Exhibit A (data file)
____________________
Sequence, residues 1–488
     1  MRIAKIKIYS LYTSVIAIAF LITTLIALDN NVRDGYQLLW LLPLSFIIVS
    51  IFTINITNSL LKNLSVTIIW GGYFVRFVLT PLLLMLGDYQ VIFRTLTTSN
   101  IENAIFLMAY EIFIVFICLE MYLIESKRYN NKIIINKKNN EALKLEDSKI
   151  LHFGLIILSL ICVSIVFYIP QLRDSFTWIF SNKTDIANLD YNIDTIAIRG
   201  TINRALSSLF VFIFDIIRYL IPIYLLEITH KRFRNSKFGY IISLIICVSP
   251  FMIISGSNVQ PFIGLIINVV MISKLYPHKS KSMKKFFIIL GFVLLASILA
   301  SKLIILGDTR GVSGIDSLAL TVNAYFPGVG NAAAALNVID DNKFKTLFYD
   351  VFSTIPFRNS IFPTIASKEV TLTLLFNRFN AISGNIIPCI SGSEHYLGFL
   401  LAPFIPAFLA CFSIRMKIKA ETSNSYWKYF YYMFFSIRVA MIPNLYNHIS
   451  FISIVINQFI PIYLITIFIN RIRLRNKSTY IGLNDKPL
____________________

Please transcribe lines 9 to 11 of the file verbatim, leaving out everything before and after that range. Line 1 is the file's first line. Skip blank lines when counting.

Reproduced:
   351  VFSTIPFRNS IFPTIASKEV TLTLLFNRFN AISGNIIPCI SGSEHYLGFL
   401  LAPFIPAFLA CFSIRMKIKA ETSNSYWKYF YYMFFSIRVA MIPNLYNHIS
   451  FISIVINQFI PIYLITIFIN RIRLRNKSTY IGLNDKPL